The Vice of “Making Do”

Detail of A farmer's son in Cimarron County, Oklahoma during the Dust Bowl era by Arthur Rothstein, for the Farm Security Administration via Wikimedia Commons

He's making do, too.

Show of hands:  who here thinks of “making do” as a good thing?  Now I can’t see through the computer, but I’m pretty sure that you’ve got a warm spot in your heart for “making do.”  It’s quintessentially American and has a noble ring to it.  When you say “making do,” what do you think of?  I think of a rugged family farming the dust bowl and living in their sod house, or a depression homemaker watering down soup in the kitchen.

I think of scenes of grinding poverty.

So, why does “making do” have such a good reputation?  Let’s look at a recent story from NPR on All Things Considered entitled “Reduced Wages At Reopened Maine Mill Divide Town” by Tovia Smith.  It’s about the return of a mill to production, but that employees have seen a reduction of wages and new hires are offered $11 per hour, which a veteran employee says is not worth it.

There were a lot of responses to the reopening of the mill.  I want to take a close look at the ones that were about “making do.”

“They’re spoiled,” says Cindy Flemming, 60. “They got so used to the bigger paychecks. They don’t know how to live without.”

I don’t know that you could call a paper mill worker spoiled.  I don’t think of working with heavy machinery in dirty, smelly conditions for long hours as being spoiled.  I also doubt they don’t know how to temporarily live without.  I think the issue here is that they resent being forced by desperate conditions to take pay far below what the work would ordinarily dictate.

“You can get a cookbook in any one of these thrift shops for 25 cents,” she says. “And a big bag of flour or a bag of sugar. I can put a meal together with hardly anything. You can still live on $11 an hour. It’s not that it’s going to be easy, but if I have to, I know how to do it.”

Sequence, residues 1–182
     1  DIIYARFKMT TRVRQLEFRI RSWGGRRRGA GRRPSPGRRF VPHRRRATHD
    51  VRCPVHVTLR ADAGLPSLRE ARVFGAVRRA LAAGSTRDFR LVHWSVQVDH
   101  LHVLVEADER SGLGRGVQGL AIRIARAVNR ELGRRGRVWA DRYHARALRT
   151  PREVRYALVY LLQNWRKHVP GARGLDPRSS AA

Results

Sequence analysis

Alright, now I know you’re being unreasonable.  Not even addressing the value of buying an ancient thrift store cookbook for modern tastes, let’s unpack that comment about making meals out of a bag of flour and some sugar.  Alright, I’m not an expert on nutrition, but I’m pretty sure that humans will suffer if they eat only flour and sugar for an extended period of time.  Humans need protein.  Humans need healthy fats.  Humans need vitamins and minerals.  I don’t care who you are, you have got to eat more than just refined carbohydrates, or you will sicken and die.  Compare your suggested ration for mill workers with the weekly ration for slaves at Monticello.  Expecting a blue-collar worker to eat sugar and flour for the indeterminate future is not only an unreasonable expectation, it is a cruel one as well.

It’s cruel because you are expecting a person to got to a hard, physically laborious job while eating food virtually devoid of nutrition, and you’re heaping moral condemnation on them by calling them spoiled for resenting the situation.

This is what I call the vice of “making do.”  There is a point where expecting someone to endure hardship and “make do” with their situation is vicious.  I’m not talking about the temporary “making do” that can happen to anyone from time to time, say, when you have a bad month or two.  It’s madness to expect someone to have a declining standard of living for an indeterminate period of time, and not resent it.

So, if you have to “make do,” then “make do,” but please don’t expect people to do this for an indefinite period of time and expect them to do so uncomplainingly, and don’t condemn them for disliking it.

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